Frank Zappa (1940-1993) was an American composer, guitarist, singer and satirist. Over his 33-year musical career, he was one of the most prolific musician-composers of his era, releasing over 75 albums during his lifetime and writing music for rock bands, jazz ensembles, synthesizers, symphony orchestras, and creating many avant-garde works of music. An innovative record producer, Zappa's high-speed editing techniques were a precursor of hip-hop. An esteemed electric guitarist and improviser, his playing was rated alongside contemporaries such as Jimi Hendrix, Eric Clapton, and Jeff Beck.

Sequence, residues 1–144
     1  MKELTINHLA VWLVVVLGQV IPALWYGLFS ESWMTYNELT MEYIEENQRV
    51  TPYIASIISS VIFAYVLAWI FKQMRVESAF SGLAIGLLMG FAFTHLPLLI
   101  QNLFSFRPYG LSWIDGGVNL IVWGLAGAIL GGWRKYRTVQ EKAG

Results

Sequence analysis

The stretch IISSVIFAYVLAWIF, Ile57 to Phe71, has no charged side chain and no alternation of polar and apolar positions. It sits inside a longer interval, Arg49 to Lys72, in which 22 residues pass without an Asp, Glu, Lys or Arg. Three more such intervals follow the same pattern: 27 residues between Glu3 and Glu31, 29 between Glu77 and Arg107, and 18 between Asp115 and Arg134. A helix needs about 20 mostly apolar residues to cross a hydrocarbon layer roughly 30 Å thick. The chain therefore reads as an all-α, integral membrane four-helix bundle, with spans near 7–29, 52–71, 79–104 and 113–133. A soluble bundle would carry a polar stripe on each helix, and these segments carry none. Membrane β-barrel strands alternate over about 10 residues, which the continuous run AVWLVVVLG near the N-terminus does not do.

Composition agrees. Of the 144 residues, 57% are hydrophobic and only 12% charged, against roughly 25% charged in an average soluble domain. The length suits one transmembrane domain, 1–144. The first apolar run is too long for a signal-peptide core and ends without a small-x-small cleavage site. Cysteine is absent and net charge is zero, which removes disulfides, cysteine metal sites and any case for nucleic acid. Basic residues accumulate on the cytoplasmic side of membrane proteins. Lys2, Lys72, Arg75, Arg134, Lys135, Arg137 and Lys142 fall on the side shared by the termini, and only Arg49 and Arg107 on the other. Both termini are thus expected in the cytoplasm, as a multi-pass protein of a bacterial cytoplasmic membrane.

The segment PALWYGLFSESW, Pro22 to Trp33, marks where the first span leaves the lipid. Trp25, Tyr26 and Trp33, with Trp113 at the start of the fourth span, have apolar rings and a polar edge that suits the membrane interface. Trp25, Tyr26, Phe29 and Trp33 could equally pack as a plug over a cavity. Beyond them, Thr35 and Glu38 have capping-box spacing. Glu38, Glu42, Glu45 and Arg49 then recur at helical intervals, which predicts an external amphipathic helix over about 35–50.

His music, which spanned avant-garde, rock, doo-wop, jazz, jazz fusion, and classical music, blended high art, rock opera, absurdity, scatological humor, and social satire. An instinctive post-modernist, Zappa disregarded barriers between "high" and "low" cultures. A strident critic of mainstream education and organized religion and an advocate of freedom of speech and the abolition of censorship, his skeptical views were embodied in his work through his caustic social satire.